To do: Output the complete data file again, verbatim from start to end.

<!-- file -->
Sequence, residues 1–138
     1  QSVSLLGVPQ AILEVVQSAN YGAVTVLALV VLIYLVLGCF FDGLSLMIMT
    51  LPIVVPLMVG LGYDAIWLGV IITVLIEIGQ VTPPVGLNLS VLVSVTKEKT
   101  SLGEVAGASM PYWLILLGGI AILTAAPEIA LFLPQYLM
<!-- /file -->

Sequence, residues 1–138
     1  QSVSLLGVPQ AILEVVQSAN YGAVTVLALV VLIYLVLGCF FDGLSLMIMT
    51  LPIVVPLMVG LGYDAIWLGV IITVLIEIGQ VTPPVGLNLS VLVSVTKEKT
   101  SLGEVAGASM PYWLILLGGI AILTAAPEIA LFLPQYLM